What is the Gospel? How would you define it? If I said to you, “Fill in the blank. The Gospel of Jesus Christ is ______________,” what would you say?
We ask that question all the time at our church. We ask it when we speak to baptism candidates. We ask it in our church membership classes. We ask it to parents for child dedication. We ask it during our lay leadership training class. We ask it when we interview potential staff. We ask it a lot!
And in addition to all the asking that goes on at my church, I have personally asked that question to a wide variety of people, particularly over the last ten years. I have asked pastors, scholars, missionaries and lay people. I have asked non-Christians, new Christians and 90-year-old church lifers. I have asked children, teenagers and adults. I have asked my own children to the point that they are probably tired of being asked. I have asked that question a lot!
After all of this asking, I have come to one clear conclusion: people are unclear about the content of the Gospel of Jesus Christ. They are just not quite sure what it is.
I did not come to that clear conclusion simply because all of that asking produced answers that are different from each other, nor because the answers were different from my answer. Both reasons contributed to my conclusion, but the main reason I have come to that conclusion is the consistent pattern of behavior I have observed when people are asked the question.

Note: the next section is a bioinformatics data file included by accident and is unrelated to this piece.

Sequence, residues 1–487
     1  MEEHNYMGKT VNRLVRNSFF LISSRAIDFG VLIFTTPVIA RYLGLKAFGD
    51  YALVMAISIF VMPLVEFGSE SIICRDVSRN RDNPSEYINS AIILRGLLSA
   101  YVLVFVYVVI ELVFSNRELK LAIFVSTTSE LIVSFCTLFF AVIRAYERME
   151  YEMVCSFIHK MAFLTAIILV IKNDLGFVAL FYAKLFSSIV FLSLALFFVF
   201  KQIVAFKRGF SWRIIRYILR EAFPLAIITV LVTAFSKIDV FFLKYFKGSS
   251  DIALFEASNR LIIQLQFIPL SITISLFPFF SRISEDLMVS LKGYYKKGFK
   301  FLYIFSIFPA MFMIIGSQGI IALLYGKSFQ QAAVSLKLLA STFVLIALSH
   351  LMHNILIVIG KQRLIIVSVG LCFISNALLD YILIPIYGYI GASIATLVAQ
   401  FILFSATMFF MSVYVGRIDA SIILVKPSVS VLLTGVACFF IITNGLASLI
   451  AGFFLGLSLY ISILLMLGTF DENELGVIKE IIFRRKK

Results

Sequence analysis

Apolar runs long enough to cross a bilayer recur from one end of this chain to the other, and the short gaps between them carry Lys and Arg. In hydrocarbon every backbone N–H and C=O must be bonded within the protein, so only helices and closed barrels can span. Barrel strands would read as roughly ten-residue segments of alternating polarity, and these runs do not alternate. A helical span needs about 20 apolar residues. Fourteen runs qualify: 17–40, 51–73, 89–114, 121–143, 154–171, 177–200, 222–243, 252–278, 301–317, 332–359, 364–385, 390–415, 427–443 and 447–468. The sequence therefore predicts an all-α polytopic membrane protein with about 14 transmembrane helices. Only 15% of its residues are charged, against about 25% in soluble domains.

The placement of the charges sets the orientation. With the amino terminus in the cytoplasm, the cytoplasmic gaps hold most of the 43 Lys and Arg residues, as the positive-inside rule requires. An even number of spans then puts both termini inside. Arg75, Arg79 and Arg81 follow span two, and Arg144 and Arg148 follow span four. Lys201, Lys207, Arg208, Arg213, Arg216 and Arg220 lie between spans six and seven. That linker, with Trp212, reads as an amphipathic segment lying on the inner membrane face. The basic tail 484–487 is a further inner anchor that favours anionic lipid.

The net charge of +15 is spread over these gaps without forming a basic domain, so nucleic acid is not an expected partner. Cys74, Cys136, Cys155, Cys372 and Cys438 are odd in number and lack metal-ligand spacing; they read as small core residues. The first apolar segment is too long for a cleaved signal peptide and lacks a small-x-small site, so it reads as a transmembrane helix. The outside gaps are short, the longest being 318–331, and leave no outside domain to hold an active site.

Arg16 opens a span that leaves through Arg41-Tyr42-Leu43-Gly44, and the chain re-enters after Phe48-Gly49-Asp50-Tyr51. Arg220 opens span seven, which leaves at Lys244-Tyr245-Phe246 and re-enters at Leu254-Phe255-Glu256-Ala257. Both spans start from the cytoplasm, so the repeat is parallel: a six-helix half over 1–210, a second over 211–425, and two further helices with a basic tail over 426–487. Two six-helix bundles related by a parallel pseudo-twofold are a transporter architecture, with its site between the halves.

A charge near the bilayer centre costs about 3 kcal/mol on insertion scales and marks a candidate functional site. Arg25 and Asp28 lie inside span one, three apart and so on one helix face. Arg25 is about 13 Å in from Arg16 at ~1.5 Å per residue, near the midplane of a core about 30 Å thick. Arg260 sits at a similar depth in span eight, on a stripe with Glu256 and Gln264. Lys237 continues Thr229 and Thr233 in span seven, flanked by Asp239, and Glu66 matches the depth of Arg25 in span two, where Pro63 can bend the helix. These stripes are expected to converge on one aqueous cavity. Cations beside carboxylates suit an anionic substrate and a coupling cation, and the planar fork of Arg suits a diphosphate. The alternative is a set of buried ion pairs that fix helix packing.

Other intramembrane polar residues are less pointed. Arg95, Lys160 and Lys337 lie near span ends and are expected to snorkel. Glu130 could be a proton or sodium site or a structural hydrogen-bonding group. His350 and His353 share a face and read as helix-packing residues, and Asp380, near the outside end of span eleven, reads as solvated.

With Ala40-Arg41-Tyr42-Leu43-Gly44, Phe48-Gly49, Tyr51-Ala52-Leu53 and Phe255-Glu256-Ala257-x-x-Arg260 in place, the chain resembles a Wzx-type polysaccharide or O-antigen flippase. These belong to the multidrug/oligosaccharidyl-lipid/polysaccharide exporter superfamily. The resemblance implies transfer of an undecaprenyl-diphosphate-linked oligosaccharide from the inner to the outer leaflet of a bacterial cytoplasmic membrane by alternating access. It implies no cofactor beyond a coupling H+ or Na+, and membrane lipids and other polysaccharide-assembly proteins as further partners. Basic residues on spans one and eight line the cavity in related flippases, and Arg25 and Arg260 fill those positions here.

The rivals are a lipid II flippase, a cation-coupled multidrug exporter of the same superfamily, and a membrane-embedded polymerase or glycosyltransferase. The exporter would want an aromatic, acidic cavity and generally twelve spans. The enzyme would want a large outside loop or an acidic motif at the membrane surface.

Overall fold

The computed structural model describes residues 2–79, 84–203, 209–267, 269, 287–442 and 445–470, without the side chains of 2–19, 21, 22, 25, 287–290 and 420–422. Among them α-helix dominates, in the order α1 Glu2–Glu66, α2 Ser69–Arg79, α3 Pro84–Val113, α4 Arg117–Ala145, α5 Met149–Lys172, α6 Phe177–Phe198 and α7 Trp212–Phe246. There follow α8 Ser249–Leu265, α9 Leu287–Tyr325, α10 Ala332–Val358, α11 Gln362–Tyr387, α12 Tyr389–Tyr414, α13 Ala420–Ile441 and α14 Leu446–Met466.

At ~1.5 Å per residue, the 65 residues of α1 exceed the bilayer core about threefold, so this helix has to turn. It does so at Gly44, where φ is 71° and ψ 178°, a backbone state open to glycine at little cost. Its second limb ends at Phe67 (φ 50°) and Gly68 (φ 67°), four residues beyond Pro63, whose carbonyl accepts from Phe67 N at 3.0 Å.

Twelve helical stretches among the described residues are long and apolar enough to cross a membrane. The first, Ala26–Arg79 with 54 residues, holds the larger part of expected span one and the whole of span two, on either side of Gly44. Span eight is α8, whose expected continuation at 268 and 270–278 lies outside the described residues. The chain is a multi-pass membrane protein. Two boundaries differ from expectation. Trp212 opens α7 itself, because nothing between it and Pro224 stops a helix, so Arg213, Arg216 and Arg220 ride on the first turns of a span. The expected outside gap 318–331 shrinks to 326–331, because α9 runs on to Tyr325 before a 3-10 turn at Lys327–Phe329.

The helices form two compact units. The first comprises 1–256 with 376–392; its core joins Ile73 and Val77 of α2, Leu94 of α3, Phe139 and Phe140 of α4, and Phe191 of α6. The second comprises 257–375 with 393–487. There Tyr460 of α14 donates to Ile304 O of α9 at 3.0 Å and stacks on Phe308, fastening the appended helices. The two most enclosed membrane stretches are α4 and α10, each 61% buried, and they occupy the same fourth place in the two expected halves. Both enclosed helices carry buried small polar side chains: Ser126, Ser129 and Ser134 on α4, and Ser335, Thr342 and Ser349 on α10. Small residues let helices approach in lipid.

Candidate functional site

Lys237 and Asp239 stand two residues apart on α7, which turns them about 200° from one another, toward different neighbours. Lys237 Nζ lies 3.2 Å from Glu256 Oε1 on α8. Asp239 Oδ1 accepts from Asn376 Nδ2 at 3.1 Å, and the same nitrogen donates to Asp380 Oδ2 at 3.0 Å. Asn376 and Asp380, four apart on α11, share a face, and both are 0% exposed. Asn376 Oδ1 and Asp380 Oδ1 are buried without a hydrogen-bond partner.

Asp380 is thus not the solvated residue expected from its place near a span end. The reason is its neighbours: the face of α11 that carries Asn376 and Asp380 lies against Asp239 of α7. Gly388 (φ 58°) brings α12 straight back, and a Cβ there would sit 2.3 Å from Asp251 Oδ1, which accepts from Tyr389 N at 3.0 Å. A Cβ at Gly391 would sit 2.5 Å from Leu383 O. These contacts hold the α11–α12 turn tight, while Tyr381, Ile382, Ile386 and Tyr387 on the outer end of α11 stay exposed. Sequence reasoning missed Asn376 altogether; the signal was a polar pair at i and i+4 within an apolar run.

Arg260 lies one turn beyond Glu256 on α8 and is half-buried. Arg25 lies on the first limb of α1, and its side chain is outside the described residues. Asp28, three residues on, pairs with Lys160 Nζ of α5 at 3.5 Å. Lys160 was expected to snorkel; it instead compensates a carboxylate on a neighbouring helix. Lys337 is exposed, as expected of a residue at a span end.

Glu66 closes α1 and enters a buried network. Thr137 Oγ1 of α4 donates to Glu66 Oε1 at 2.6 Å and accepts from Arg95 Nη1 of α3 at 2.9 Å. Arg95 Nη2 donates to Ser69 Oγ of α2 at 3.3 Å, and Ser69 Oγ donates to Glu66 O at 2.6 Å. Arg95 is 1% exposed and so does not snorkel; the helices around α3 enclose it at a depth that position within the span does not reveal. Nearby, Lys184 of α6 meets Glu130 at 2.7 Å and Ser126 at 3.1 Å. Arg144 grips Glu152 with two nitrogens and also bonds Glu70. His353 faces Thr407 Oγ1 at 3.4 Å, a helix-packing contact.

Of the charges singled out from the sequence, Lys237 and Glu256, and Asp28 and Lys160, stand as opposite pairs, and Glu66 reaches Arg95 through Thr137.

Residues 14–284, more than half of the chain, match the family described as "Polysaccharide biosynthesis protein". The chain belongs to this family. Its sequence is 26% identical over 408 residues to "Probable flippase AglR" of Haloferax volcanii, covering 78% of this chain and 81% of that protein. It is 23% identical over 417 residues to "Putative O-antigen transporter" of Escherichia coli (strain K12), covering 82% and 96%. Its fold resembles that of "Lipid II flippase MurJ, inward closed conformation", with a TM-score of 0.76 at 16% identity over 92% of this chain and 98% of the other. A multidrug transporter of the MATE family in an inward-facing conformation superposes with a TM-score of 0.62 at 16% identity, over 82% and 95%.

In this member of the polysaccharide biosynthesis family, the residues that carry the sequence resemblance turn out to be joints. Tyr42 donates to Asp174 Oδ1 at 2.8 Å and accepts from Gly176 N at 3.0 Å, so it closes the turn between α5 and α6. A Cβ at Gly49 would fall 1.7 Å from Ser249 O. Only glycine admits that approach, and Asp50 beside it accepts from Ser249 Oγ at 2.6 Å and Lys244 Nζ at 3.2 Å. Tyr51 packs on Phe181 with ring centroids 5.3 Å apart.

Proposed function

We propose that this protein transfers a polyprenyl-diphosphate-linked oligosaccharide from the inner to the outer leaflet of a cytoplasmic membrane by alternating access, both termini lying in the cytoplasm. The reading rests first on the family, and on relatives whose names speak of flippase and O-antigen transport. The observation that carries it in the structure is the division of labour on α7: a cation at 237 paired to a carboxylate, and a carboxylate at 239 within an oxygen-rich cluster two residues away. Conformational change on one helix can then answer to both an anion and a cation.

When asked what the Gospel is, people often answer slowly and hesitantly. It takes them time and thought. It seems quite difficult. They often appear caught off guard by the question even when the context of the conversation makes it a natural question to ask. They search hard to find the right words and are surprised that the answer does not come quickly to their mind. Most people are quite unsure about their answer being accurate.